Home Tags Temporary Employer/Employee Relief Scheme (TERS)
Tag: Temporary Employer/Employee Relief Scheme (TERS)
An interview with Lauren Salt, Executive, Employment, ENSafrica, and Dr Ivor Blumenthal, CEO, ArkKonsult, discussing the most recent changes to the Unemployment Insurance Fund (UIF) Temporary Employer/Employee Relief Scheme (TERS), also referred to as UIF TERS - specifically the new directive 2.3.1, the implications for employers claiming benefits and the future of the COVID-19 relief scheme.
Blame "Capital Monopoly" if you must, but blame "White Monopoly Capital" at your peril. The South African Government's strategy, when dealing with the economic fallout, has been to set itself off against Business squarely, being the demon in society, while characterising Government as the White Knight out to protect society against the ravages of bad Business.
An interview with Jacques van Wyk, Director, Werksmans Attorneys, and Dr Ivor Blumenthal, CEO, ArkKonsult, discussing an article penned by Bradley Workman-Davies, Director, Werksmans Attorneys, in the August/September edition of BusinessBrief, apropos an important recent judgement in the Johannesburg High Court which has provided some clarity with regard to no-work no-pay during the lockdown.
With the increasing number of COVID-19 infections, employers must deal with employees who test positive for the virus, those who come into contact with individuals who test positive, and those who present with COVID-19 related symptoms. It is therefore important for employers to understand when sick leave must be used.
With the easing of the nationwide lockdown in response to the COVID-19 pandemic through the Government's 'Risk Adjusted Strategy' (comprising of five lockdown levels), more and more business can lawfully operate again. As a result, employees will be returning to work and employers will be obliged to remunerate them again.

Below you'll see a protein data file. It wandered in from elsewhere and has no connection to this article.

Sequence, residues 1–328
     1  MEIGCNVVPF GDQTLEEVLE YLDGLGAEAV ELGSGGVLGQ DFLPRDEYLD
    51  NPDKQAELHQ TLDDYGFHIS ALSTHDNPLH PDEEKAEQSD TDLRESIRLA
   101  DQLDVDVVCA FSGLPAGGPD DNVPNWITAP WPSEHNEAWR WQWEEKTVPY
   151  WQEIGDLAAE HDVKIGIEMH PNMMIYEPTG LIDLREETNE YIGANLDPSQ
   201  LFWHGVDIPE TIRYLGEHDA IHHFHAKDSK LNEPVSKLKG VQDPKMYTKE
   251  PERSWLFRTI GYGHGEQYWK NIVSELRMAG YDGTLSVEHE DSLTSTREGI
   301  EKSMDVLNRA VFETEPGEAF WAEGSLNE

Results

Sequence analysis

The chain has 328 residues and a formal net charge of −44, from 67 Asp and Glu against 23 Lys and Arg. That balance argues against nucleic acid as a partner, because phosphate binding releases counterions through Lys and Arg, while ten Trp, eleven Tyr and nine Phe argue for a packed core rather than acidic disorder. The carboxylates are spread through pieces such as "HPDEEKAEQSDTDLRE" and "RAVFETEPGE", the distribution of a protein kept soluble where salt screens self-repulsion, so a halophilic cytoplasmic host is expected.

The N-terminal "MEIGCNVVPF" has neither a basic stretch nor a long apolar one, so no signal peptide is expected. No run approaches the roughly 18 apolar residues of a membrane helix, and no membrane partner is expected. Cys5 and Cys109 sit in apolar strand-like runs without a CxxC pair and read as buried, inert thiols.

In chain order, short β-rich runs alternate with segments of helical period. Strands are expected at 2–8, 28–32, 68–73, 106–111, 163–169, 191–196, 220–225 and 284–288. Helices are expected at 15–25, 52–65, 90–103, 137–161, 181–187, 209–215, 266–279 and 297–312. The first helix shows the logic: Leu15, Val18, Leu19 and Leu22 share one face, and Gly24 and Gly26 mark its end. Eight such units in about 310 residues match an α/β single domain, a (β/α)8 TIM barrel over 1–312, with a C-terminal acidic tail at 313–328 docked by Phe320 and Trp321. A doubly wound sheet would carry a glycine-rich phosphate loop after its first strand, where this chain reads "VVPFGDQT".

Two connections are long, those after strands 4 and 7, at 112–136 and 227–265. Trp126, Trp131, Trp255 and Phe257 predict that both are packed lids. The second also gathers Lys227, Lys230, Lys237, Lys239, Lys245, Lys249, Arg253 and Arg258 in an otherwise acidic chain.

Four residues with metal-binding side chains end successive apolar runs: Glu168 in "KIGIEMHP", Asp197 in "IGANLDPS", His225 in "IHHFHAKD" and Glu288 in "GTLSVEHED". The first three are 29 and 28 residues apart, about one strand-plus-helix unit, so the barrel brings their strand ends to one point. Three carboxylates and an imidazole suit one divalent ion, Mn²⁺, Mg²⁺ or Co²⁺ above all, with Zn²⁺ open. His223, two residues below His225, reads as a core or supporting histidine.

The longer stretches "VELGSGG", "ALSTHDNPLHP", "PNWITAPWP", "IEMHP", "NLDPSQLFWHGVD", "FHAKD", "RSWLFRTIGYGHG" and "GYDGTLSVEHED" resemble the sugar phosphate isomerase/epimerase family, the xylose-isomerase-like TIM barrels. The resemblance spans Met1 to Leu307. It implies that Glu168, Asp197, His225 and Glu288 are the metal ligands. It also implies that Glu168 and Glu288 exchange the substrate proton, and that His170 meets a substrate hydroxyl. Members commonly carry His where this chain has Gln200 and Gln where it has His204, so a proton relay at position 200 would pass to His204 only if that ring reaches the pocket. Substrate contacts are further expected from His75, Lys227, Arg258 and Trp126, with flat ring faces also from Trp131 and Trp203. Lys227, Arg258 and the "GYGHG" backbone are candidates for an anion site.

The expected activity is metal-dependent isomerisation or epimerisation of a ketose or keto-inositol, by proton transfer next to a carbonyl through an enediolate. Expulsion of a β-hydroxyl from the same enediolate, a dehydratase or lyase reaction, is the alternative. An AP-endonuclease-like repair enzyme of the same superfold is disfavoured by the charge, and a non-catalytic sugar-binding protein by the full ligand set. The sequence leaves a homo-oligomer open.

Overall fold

To date, the Unemployment Insurance Fund’s Temporary Employee Relief Scheme (TERS) has paid over R15,7-billion to 2,288,295 in its COVID-19 relief payments. Many employers, however, are still having their applications rejected. Small, seemingly insignificant discrepancies in submissions are seen as mistakes and will lead to the submission being rejected.
The globe is on lockdown at the moment as we all face the COVID-19 pandemic, and this is a time which is creating a lot of fear, anxiety and uncertainty in the workplace. It is not just with people now having to work from home, but for those who have pursued new job opportunities and received job offers to start during or after lockdown, and now face a highly unnerving state of anxiety about if they will start or not or if their offers will be withdrawn or if they should even hand in their resignations.
The Covid-19 crisis has brought much of the world economy to a sudden stop. Millions upon millions of people are in lockdown across the world, preventing them from working, buying, producing and selling goods and services. Global and local supply chains are interrupted, and small and large companies see a collapse in income. Households are under similar pressure.
It is understandable that business owners feel panicky because of the toll Corona is taking on business income. However, many businesses realise that if they implement wholesale retrenchments they will not only lose valuable skills but will also reduce the buying power of the public. This would then further reduce the business’s ability to earn an income.